Another system moves away from historical dogma – as a matter of fact, that is the language used to describe this change.
 

Other than historical dogma and institutional EMS culture we can find no evidence-based reason to continue to use the Long Spine board as it currently exists in practice today. The evidence that does exist regarding the Long Spine board is overwhelmingly negative.[1]

 

We need for more systems to place the care of patients above the care of historical dogma and institutional EMS culture.
 


Click on images to make them larger.
 

We need to stop basing decisions on What if . . . ?

Where is the evidence that transport on a Long Spine board is a good idea?

That is a healthy list of unhealthy side effects.

Consider giving the list above to patients and telling them that these are the risks we will subject them to if we transport them on Long spine boards. How often would would we obtain informed consent?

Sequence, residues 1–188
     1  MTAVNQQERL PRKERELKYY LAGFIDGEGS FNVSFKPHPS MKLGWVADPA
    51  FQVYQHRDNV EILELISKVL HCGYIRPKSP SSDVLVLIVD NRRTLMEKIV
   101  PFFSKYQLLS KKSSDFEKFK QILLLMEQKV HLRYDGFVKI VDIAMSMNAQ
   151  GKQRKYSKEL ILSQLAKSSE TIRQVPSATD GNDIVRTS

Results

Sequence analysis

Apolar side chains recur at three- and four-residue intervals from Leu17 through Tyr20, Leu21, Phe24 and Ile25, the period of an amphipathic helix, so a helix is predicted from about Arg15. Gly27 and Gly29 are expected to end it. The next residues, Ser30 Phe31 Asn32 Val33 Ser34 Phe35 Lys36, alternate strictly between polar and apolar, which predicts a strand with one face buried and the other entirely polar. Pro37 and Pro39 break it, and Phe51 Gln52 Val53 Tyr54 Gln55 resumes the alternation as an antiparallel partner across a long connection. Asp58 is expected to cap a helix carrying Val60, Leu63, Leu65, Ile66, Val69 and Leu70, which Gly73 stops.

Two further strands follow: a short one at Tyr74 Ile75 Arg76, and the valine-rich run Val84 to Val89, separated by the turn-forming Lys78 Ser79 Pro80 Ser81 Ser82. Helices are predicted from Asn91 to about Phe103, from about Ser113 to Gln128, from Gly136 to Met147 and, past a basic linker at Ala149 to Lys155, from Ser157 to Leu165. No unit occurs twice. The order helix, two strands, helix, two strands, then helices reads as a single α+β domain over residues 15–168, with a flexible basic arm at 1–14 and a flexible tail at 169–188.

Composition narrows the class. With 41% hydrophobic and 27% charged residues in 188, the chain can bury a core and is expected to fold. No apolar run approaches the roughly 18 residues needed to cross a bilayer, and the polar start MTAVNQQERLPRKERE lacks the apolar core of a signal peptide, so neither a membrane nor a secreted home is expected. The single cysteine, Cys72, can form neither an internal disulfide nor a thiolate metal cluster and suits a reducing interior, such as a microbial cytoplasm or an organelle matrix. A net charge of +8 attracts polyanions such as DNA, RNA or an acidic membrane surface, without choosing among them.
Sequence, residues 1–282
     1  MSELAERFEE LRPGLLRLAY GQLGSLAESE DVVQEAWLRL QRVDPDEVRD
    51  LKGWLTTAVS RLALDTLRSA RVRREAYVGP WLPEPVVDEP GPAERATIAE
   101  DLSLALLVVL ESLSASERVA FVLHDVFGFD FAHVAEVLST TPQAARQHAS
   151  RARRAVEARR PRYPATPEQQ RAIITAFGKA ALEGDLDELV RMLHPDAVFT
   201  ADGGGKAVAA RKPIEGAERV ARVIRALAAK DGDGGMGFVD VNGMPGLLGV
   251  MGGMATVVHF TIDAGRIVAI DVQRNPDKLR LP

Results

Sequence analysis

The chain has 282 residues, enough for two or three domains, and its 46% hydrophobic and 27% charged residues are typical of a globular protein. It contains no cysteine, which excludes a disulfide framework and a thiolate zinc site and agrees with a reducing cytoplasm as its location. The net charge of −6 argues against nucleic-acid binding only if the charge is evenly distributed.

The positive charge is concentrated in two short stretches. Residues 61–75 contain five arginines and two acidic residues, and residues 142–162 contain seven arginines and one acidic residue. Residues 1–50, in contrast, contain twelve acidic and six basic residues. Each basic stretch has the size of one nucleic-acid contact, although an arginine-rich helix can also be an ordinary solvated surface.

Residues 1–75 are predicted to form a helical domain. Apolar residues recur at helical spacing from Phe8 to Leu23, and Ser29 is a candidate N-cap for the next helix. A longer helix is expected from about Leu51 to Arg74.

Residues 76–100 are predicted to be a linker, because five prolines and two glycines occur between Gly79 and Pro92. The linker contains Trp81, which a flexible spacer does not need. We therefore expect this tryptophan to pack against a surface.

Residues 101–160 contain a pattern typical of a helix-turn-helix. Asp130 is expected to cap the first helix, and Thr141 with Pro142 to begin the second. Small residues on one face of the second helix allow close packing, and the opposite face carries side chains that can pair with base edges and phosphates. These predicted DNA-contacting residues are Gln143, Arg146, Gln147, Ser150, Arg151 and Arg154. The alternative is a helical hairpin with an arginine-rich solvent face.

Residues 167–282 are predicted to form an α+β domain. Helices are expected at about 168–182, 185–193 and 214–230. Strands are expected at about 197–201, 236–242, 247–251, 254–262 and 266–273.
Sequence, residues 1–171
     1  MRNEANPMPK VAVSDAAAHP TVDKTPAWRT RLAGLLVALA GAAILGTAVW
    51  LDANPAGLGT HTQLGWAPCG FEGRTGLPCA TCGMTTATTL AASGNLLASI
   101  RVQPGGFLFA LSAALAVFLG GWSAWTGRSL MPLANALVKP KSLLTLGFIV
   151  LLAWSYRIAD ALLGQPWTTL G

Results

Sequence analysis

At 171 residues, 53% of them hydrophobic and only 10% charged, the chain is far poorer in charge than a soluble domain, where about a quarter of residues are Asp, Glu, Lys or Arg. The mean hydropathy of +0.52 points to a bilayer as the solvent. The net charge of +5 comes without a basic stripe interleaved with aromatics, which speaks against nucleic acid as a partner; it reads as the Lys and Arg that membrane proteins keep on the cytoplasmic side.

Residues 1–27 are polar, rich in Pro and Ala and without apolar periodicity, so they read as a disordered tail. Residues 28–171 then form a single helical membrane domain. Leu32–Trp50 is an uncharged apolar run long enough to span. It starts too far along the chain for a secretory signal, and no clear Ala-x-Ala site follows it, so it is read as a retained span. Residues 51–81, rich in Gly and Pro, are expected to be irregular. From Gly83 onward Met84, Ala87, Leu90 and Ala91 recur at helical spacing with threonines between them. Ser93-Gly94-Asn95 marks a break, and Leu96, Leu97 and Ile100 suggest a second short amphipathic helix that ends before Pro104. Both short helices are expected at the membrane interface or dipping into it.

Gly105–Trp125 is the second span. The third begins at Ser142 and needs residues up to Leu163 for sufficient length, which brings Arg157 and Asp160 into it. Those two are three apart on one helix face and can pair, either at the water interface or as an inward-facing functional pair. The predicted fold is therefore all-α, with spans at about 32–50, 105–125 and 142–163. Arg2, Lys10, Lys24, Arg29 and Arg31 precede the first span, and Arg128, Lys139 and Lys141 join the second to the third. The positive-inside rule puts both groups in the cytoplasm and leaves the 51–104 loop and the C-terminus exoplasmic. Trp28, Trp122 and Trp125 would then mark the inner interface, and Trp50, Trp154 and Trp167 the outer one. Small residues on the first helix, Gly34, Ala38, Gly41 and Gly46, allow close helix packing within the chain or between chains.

The first question should be – What is the possible benefit?

Well, . . . .

The hypothesis that transporting patients on Long Spine boards protects the unstable spine from further injury has been tested only one time.

That hypothesis failed miserably.

 


Out-of-hospital spinal immobilization: its effect on neurologic injury.[2]
 

The rate of disability doubled with spinal immobilization.

If we gave epinephrine (Adrenaline) and we cut our rate of resuscitation in half, how long would we continue to use epinephrine?

If we gave furosemide (Lasix) and we cut our rate of intubation doubled, how long would we continue to use furosemide? Ooopsy – some of us still do and furosemide probably produces a much greater increase in the rate of intubation than just doubling it.

How can we keep claiming that we are helping patients?